The book is well written, well researched, and I still find information I didn’t know in the book. I live fairly close to the birthplace of Route 66 and learned many new tidbits of information about places close by (but I found them by thumbing through the book, because of the alphabetical order).
 
Eventually, Route 66 was overshadowed and bypassed by the Interstate Highway System in the 1950s.  Most of the small towns were no longer on the traveler’s routes, and many of these towns have all but disappeared. But open this book to any page and you’ll find out about how we used to travel across the US by car.
 
The Route 66 Encyclopedia, by Jim Hinckley
Voyageur Press, 288 pages
45.00 US, 49.99 Canada
 
Available at Amazon, Barnes & Noble, or wherever fine books are sold.

HWYDdisclaimer History + Kitsch = The Route 66 Encyclopedia

 

 

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About Greta Brinkley

Greta is a newly minted 30 year old, originally from the West Coast. Now living in the Midwest, she loves hockey, sparkles, nail polish, and bright colors. She also cannot resist anything that has peanut butter and chocolate together. And she hates filling out bios. Yep.

Comments

  1. Sounds like a great coffee table book! Thanks!

  2. I am buying this RIGHT NOW! ! ! My family always talks about the best road trip ever would be setting out an a quest to see all the "Muffler Men" – LOL  We line in Chicago but are from Arizona and grew up knowing the rich history of Route 66. My 21 year old daughter recently drove it to see the sites. This would make a great b-day gift for her coming up! (guess I am buying 2 of them then) Thanks SO Much!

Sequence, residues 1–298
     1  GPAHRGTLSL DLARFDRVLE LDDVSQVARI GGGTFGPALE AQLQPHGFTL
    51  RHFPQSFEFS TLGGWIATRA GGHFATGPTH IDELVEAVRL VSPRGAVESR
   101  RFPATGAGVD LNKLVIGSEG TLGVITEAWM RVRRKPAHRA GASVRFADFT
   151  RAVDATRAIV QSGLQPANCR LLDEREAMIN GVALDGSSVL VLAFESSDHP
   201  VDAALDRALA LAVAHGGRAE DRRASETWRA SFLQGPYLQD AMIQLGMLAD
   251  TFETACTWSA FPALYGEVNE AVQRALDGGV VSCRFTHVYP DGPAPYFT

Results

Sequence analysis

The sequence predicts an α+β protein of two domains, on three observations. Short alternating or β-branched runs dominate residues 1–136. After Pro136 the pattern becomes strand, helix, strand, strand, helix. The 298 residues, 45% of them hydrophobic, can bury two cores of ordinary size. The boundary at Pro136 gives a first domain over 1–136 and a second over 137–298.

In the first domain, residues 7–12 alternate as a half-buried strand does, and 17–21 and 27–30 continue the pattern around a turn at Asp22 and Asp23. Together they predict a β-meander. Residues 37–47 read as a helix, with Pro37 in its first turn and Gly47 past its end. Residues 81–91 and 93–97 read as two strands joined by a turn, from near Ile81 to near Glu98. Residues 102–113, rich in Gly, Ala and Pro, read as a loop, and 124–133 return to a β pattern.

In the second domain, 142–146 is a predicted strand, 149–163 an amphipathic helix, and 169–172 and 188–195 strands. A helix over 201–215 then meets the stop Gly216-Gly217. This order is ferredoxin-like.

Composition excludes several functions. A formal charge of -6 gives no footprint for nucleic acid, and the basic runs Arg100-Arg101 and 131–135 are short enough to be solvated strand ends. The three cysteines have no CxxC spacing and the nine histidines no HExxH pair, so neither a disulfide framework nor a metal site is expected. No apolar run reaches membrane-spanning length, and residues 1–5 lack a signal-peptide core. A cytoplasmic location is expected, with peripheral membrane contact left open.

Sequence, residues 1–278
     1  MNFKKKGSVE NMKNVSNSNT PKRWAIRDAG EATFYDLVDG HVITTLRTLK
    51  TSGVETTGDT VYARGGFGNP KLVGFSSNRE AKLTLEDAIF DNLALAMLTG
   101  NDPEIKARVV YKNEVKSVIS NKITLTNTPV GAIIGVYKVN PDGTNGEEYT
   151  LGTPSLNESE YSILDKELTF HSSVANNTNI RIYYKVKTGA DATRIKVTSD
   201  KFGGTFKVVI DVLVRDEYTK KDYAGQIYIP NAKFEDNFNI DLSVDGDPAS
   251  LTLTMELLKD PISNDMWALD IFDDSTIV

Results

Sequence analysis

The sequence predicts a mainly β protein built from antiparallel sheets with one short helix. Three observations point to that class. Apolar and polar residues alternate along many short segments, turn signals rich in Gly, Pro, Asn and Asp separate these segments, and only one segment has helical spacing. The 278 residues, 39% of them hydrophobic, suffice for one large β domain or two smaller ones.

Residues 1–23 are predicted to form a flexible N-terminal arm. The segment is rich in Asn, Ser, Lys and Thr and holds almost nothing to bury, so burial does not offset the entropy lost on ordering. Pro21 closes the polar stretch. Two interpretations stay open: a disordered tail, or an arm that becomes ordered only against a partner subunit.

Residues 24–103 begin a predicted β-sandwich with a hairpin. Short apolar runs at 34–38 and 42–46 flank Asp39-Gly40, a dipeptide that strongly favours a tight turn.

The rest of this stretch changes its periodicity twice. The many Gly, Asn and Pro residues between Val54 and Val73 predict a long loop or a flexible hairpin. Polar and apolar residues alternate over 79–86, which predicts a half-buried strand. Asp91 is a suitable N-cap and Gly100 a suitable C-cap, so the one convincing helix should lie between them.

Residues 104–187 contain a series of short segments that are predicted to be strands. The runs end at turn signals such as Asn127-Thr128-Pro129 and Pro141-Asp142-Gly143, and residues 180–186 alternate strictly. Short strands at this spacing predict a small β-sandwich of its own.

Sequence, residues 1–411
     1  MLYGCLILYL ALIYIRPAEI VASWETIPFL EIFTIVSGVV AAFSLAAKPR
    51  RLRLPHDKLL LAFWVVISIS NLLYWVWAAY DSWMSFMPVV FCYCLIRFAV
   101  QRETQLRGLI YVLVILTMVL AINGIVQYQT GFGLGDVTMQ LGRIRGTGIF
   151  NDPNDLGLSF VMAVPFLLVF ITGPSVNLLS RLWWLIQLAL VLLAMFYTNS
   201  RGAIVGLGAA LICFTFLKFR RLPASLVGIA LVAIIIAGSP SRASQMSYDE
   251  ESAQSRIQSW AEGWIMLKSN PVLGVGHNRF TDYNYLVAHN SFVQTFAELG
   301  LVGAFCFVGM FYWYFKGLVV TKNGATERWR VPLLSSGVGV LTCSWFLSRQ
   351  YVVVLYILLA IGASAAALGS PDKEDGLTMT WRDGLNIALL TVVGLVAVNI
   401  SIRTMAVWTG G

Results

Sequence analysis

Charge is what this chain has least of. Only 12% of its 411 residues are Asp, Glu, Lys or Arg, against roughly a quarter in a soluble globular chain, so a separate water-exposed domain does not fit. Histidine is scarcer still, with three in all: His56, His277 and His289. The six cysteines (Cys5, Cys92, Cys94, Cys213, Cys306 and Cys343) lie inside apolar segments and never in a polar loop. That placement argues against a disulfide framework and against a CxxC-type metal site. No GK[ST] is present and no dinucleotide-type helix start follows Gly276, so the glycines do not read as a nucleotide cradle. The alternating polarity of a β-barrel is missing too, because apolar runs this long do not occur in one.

3. This would definitely be a conversation starter if left on your coffee table!  As many road trips as I've taken, I have not done Route 66.

  4. Wow! What a great book! I love coffee table books like this. Route 66 is a fun route to take for sure! I would love to take another trip on good ol route 66 now. :)

  5. I think I'd enjoy this and I often take the back roads when traveling.  It takes longer but the sights are so much more interesting.

  6. Ha, I had no idea it started in Chicago! Now I have to check out this book!

  7. I think my step dad would love this. My mom and him are always traveling and he constantly makes comments about taking a RT 66 road trip. I am forwarding this post to them.

  8. paige fowler says:

    Great review. I had no idea that route 66 was so long!

  9. Oh my gosh!  I so want this book, how fun would it be?  I love history like books and be able to see all that is on Route 66 too.  Love it!

  10. Heading down old Route 66 . One year when we went on vacation we drive thru close to 13 states even if it was just a half an hour or time to take some pictures . What a great time we had – one I will never forget. The longest road they say. Lots of interesting things sounds like in this book .thanks for the info